TVA Sludge Disaster Close-up
Image close up. See above for details.

TVA has reported that preliminary water test show that the drinking water at the nearby water treatment facility meets standards, but lots of community members have well water or depend on water being pumped from a spring located in the flooded area.

There is also still the potential for more sludge to enter the water supply thorough waste runoff.

TVA says the area is not toxic but you can see coal sludge in the water and dead fish on the banks. The members of this community are without clean water and many without electricity or gas heat. We met people who were given motel rooms by TVA and others on the same street that have been without heat for days in 27° (F) weather and others who have been vomiting for more than 12 hours after drinking the water.

Aerial Footage of Retaining Wall Failure (Footage from TVA website)

We visited approximately 40 households and many people were frustrated they had not received any information other than what they could figure out from the minute long television segments or an isolated phone call from the water or gas utility. Residents say that they are not surprised by the flood because TVA has been fixing leaks in the retention wall for years and one person said this wall had been leaking for months before it broke.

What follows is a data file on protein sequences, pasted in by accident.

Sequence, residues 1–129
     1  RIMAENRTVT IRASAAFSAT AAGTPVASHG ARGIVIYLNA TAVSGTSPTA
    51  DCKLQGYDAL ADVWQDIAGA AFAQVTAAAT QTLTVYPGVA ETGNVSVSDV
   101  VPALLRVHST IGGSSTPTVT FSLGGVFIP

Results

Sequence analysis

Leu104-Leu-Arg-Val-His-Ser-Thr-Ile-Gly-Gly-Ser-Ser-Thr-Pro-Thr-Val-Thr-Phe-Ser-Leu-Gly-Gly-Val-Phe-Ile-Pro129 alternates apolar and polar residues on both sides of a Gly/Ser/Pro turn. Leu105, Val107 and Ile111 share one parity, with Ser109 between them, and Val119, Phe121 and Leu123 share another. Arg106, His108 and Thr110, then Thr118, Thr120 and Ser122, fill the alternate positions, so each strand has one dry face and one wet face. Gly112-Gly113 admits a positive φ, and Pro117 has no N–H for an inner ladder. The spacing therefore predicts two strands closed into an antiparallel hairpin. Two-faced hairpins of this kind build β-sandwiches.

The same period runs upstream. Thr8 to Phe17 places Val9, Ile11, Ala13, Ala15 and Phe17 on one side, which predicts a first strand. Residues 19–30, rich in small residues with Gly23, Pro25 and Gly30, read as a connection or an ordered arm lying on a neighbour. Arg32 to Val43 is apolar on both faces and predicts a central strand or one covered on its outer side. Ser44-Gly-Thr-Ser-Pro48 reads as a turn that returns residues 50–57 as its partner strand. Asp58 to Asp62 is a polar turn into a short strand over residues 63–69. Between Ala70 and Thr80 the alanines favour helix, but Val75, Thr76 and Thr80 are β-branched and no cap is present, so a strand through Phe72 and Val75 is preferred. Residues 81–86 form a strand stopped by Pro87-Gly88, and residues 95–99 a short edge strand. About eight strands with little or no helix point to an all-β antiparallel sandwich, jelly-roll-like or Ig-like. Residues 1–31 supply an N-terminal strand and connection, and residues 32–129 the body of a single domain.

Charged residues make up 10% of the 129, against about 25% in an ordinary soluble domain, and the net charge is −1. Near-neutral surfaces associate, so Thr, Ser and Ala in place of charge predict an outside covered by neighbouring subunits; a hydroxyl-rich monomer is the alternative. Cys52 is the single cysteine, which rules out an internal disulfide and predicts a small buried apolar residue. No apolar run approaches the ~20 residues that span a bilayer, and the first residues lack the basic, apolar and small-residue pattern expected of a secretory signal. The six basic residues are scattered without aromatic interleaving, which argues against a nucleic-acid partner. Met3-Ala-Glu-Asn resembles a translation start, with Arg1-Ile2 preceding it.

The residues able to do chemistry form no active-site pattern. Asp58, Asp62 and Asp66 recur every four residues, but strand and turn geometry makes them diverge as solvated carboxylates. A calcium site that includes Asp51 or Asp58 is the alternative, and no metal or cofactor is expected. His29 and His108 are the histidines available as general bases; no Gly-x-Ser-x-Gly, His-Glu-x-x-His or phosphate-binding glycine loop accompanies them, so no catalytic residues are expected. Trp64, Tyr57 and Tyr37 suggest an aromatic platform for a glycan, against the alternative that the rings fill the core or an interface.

TVA Coal Ash Disaster Dec 22 2008

United Mountain Defense is actively creating a plan of action to deal with this issue. We plan to spend as much time as possible in Harriman meeting people, taking photos and video, gathering water samples, passing out information and reporting what we learn.
Please check our news blog on this site for updates and to learn more about our TVA Santa Protests that occurred throughout December.

Check out the Santa Protest Videos

We greatly appreciate all support and suggestion for dealing with this massive disaster can be sent to

If you are able to test water samples for heavy metals or other specialized water testing please let us know.

We will not stand by as safety and environmental compliance taken a back seat to megawatt production.

Feel free to send checks for copies, paper, gas and general support funds to United Mountain Defense P.O. Box 20363 Knoxville, TN 37920 Please mark check: “For TVA Spill